2.1.10 A letter of complaint from a member of the public alleged the police had 'herded more and more people into the Leppings Lane enclosure when it was obvious that it was full'. SYP Superintendent David Chapman refuted this, explaining that the entrances to the Leppings Lane end were controlled to ensure an even distribution across the terrace but as the terrace filled, 'the usual packing problems occurred'. He insisted that there was space for even distribution within the terrace but that fans had refused to move. Police officers entered the terrace to ensure better distribution. According to the stadium's safety certificate, the capacity for the Leppings Lane terrace was 10,100. The turnstiles' tally recorded 10,435. Also, a significant number of Tottenham Hotspur supporters had obtained tickets allocated to Wolverhampton Wanderers. Police officers moved them from the Spion Kop to Leppings Lane for their own safety. Thus the authorised limit for the terrace was exceeded by just over 400.

2.1.11 There was also controversy regarding the quality of the communications systems. Supt Chapman noted that the extensive media coverage at the ground resulted in high levels of interference, yet Acting Superintendent PJ Ruddy insisted that the communications systems were successful. Further, the number of senior officers present in the control room had caused confusion.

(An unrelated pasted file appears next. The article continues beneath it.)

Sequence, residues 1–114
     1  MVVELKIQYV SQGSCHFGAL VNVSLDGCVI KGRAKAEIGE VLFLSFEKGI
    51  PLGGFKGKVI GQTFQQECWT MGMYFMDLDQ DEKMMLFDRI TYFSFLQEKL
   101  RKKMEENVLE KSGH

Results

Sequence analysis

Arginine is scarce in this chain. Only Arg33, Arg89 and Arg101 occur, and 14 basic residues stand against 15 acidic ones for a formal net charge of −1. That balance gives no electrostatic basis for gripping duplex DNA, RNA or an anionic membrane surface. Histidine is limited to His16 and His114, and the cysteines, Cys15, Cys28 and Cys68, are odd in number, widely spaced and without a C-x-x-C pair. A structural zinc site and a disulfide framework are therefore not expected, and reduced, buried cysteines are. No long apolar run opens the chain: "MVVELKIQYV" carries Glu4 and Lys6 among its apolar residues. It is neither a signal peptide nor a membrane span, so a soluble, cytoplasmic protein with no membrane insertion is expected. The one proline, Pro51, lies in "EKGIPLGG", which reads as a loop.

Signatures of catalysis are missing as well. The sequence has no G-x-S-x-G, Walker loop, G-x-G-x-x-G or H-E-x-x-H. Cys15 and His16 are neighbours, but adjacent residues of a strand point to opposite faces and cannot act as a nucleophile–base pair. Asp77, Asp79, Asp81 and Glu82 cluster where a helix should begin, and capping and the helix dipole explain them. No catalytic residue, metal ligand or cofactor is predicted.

Post-match meeting

2.1.12 Eric England was SWFC Secretary and after the match an acrimonious meeting took place in his office. It was attended by Chief Constable JH Brownlow, ACC Goslin and SWFC Chairman, Bert McGee. The 30-minute meeting focused on the crushing outside the stadium and on the terrace. The SWFC representatives were extremely critical of the police action, for allowing the situation to develop and for how it was resolved. ACC Goslin insisted that 'circumstances beyond our control had brought about the crushing situation and conventional methods of control had failed'.[13]